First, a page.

An important question to ask is whether my experience is typical or not. I don’t think it is. If you read this blog, or know me personally, I am energetic and, in many ways, stubborn. Chicago is a school that’s notoriously cold, both in weather and culture, and people who aren’t so aggressive, especially minorities from disadvantaged backgrounds, might have a really hard time getting the support they needed, especially if they aren’t in fields that have critical masses of minority scholars (e.g., urban sociology).

14. Life on the tenure track I: I was highly successful on the job market and accepted a position at Indiana. My two writing samples were a computer simulation of an HIV epidemic and the paper on Black Studies  that would eventually come out in Social Forces. I am not sure how race affected my position in the job market.

Race was a different issue here. Indiana is a school in the lower Midwest, an area with relatively few minorities. Thus, it is very hard to attract minority faculty members or doctoral students. Also, Indiana does not specialize in the topics that tend to attract minority scholars in sociology, such as race/ethnicity, urban studies, immigration, or the racial/nationalist side of political sociology (e.g., public opinion data on racial attitudes). That’s changed somewhat since my arrival, but we still can’t compete with campuses that are heavily invested in those areas.

Despite these challenges, I am totally impressed with our graduate training. Since I’ve been here, I’ve seen many minority students do very well on the market. As I write this, our students are flying across the country to do interviews and they will be successful. If nothing else, I view this as an example of a “rising tide lifts all boats.” If the faculty treat graduate training with utter seriousness, it will  help minority students. If you treat graduate training as an inconvenient intrusion on your writing schedule, you’ll be scratching your heads wondering about what happened to the guy in your regression class from a few years ago. This isn’t to say that Indiana is problem free, but superior graduate training puts everyone in a better position.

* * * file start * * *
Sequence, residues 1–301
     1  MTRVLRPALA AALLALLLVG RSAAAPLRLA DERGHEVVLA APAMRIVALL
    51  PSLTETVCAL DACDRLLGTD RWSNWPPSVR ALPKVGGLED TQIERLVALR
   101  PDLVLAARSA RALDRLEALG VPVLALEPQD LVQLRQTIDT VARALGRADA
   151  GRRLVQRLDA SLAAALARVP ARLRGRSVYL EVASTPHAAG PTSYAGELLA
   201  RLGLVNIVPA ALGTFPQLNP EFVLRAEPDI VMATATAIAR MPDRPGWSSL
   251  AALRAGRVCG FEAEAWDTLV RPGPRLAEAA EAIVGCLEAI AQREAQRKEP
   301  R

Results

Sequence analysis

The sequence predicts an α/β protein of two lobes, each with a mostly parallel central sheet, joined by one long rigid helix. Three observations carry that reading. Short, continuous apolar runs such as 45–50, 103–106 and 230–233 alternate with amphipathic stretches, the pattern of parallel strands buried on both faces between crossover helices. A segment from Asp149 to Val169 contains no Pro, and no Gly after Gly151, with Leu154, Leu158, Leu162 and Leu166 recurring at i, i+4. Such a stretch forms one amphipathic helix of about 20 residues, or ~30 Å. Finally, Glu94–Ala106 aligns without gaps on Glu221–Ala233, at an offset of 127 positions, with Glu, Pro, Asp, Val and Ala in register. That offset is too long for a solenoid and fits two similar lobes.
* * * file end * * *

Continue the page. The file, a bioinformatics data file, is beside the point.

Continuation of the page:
15. Life on the tenure track II: The Indiana sociology program is also a very civil program. As I tell job candidates, we have our disagreements, some quite serious, but I just don’t see the bitter struggles that seem to happen at other departments. This is another example of a “rising tide lifts all boats.” If you can put a lid on faculty in-fighting and excessive committee work, junior faculty will do well. This also makes it pretty easy for junior faculty to get support from the senior faculty and from each other. That makes life easy for minority faculty, including me.